‘Better Call Saul’ Season 6 Ending, Explained
[Warning: This article contains spoilers for the ending of Better Call Saul Season 6.]
- Saul Goodman faces the music during the Better Call Saul Season 6 finale.
- The prequel’s lead owns up to his wrongdoings and reclaim the name Jimmy McGill.
- Jimmy and Kim Wexler share one last moment together, delivering a bittersweet end.
Better Call Saul Season 6 has taken its final bow, bringing the Breaking Bad prequel to a close at long last. In the series finale, Saul Goodman (Bob Odenkirk) reclaims the name Jimmy McGill and finally owns up to his wrongs. But what exactly leads to that point, and how does Saul’s journey compare to Walter White’s (Bryan Cranston)? Here’s everything you need to know about the ending of Better Call Saul Season 6.
‘Better Call Saul’ Season 6 ending, explained
As many anticipated after Marion’s (Carol Burnett) call to the police in Better Call Saul Season 6 Episode 12, the series finale sees Gene Takovic being arrested for his crimes. It doesn’t take long for the cops to find him, and an attempt to contact Best Quality Vacuum ultimately fails — leaving Gene no choice but to admit that he’s Saul Goodman and face the music for what he’s done.
And Saul is initially looking at almost two centuries in prison, a sentence that includes multiple felonies — and ties into the murders of Hank Schrader (Dean Norris) and Steve Gomez (Steven Michael Quezada). The AMC prequel even brings Marie Schrader (Betsy Brandt) in for a cameo, with Hank’s widow pushing for more jail time for Saul Goodman.
However, with the help of Bill Oakley (Peter Diseth), Saul is able to whittle down his sentence impressively. Although he’s representing himself, he uses Bill as an advisory counsel, and the pair manages to reduce punishment down to just seven years.
With that, the ending of Better Call Saul Season 6 could have proven a happy one for Saul Goodman. But upon finding out that Kim Wexler (Rhea Seehorn) confessed, it seems the show’s lead has a change of heart. In an attempt to make things right between them, he eventually takes the credit for his crimes.
Why Saul Goodman chooses to confess and retake his old name
That’s right, the ending of Better Call Saul Season 6 sees Saul Goodman owning up to his crimes — both from the Breaking Bad timeline and even earlier. Not only does he take full credit for the creation of Heisenberg’s drug empire, but he admits his part in Howard’s (Patrick Fabian) and Chuck’s (Michael McKean) deaths.
This earns him a longer sentence than he’d negotiated — 86 years compared to seven — but Saul still chooses to do the right thing. For the most part, it seems like he does this for Kim. He lies to government agents about her involvement in Howard’s death just so she can witness his confession. And after his big speech, Saul tells the judge to call him Jimmy McGill, letting go of his conman persona forever.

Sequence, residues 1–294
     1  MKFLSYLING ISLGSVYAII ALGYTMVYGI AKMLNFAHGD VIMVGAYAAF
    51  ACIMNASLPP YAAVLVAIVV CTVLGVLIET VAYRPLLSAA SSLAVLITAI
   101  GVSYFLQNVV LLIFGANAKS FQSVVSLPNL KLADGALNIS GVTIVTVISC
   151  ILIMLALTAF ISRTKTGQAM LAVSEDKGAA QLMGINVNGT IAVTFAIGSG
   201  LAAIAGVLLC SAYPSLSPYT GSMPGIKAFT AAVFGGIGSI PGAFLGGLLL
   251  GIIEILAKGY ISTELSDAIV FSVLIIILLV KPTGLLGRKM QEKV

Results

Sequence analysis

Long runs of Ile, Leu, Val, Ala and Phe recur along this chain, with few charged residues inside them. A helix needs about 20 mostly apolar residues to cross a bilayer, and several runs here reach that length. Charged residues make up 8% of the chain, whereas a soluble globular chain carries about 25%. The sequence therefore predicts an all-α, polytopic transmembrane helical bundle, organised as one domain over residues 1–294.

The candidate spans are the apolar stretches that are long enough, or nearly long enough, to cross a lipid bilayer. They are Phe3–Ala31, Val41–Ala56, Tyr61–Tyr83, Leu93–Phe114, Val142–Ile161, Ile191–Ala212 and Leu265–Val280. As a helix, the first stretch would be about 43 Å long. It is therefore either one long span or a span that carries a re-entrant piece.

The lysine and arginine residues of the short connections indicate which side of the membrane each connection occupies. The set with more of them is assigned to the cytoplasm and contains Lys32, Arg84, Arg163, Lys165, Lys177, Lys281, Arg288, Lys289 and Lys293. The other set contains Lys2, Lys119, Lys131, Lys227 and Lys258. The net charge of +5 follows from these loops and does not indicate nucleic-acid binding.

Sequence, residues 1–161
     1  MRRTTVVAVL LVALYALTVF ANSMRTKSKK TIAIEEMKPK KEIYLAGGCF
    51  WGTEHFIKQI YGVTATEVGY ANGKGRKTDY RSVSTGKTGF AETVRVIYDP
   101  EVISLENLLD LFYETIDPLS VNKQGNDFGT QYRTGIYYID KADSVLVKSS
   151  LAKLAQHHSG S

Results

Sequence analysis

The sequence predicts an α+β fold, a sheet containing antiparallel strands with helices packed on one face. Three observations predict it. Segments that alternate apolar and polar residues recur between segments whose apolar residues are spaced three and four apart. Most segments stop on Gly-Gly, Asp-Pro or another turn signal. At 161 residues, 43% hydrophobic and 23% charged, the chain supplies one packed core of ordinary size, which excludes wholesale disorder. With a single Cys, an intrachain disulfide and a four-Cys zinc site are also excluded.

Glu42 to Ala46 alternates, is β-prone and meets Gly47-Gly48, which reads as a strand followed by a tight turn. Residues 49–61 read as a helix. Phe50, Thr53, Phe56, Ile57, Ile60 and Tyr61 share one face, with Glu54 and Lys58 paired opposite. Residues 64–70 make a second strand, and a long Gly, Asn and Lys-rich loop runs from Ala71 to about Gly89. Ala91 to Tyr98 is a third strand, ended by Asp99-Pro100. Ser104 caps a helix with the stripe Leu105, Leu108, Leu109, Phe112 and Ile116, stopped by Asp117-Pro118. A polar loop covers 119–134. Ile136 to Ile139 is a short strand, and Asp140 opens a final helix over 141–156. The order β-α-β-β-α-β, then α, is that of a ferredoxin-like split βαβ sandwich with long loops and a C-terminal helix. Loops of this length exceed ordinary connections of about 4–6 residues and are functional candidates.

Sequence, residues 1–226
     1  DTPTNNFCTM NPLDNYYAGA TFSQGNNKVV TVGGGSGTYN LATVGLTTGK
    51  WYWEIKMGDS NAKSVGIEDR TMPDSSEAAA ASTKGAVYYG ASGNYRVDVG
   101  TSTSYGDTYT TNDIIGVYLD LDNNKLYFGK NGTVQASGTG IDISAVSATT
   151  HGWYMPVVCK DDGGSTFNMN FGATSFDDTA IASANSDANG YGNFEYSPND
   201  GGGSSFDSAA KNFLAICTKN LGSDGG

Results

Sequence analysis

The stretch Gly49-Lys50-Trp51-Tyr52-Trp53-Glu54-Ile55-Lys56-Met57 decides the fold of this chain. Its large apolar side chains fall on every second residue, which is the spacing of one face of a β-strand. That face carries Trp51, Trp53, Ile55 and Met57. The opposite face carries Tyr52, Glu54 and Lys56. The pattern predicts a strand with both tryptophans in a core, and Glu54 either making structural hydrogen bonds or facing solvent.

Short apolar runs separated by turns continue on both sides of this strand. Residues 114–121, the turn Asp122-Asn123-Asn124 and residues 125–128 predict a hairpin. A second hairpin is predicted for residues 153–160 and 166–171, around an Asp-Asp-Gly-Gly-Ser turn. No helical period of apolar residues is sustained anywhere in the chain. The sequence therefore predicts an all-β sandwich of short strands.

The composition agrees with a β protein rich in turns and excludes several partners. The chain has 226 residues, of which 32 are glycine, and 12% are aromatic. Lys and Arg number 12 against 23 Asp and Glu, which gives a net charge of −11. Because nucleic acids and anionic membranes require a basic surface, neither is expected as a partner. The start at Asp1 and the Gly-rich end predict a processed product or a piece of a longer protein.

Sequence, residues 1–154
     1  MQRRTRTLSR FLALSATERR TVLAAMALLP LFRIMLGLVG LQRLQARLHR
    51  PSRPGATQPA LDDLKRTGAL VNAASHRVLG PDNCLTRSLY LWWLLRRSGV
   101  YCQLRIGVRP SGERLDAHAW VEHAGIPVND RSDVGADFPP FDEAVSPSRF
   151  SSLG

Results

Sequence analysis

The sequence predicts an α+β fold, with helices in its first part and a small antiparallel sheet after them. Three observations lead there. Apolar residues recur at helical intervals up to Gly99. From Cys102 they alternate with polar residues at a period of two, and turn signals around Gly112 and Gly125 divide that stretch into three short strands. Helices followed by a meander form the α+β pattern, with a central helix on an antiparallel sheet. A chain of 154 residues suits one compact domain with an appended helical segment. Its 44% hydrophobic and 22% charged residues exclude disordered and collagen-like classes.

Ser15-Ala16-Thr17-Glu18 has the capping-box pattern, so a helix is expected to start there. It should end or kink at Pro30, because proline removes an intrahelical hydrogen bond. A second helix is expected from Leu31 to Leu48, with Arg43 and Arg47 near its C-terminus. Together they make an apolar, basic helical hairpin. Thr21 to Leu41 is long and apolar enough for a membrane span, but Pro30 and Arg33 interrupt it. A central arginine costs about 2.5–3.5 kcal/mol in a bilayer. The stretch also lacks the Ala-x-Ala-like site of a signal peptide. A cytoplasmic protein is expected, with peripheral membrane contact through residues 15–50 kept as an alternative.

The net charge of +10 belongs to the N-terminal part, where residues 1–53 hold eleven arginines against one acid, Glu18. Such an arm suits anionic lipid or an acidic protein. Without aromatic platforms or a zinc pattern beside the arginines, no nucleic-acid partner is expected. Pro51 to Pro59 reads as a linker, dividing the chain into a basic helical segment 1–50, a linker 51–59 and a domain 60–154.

It’s not the expected route for the character, but it underscores his feelings for Kim. So, do Jimmy and Kim reunite in the Better Call Saul finale?
Do Jimmy and Kim reunite in the ‘Better Call Saul’ Season 6 finale?
Better Call Saul fans have been wondering if Jimmy and Kim would reunite in the series finale, and the answer is yes. Kim attends the sentencing where Saul makes his confession, hearing the entire speech.
That isn’t the last time the pair sees one another, either. While Jimmy is in prison, Kim uses her old badge to pay him a visit. And although the two don’t exactly resolve things, they share one last cigarette to clear the air. They briefly talk about his sentencing, and the moment is reminiscent of their first scene together.
As Kim leaves the premises, she and Jimmy share one last look. And from behind the prison gates, Jimmy shoots Kim the finger guns she’s become so known for — a beautiful, full-circle ending for the characters.
How the ending compares to the conclusion of ‘Breaking Bad’
So, how does the ending of Better Call Saul compare with the series finale of Breaking Bad? In some ways, they’re similar. Saul admits the real reason for his actions in much the same way Walter does — and both characters share selfish motivations for committing their crimes. Additionally, they both choose to do the right thing in the end, even if it costs them significantly.
Of course, Walter White is killed for saving Jesse Pinkman (Aaron Paul), while Saul gets life in prison. And while Saul’s ending can hardly be called a happy one, it’s not quite as tragic as Walter’s — nor is the build-up as intense. That’s probably more fitting for the character, who never really reaches Heisenberg’s level of cruelty (even if he perpetuates it).
Still, there’s a lot more overlap between Saul Goodman and Heisenberg than fans first noticed, and the ending of Better Call Saul underscores that point. Its focus on regret ties both series and their leads together nicely.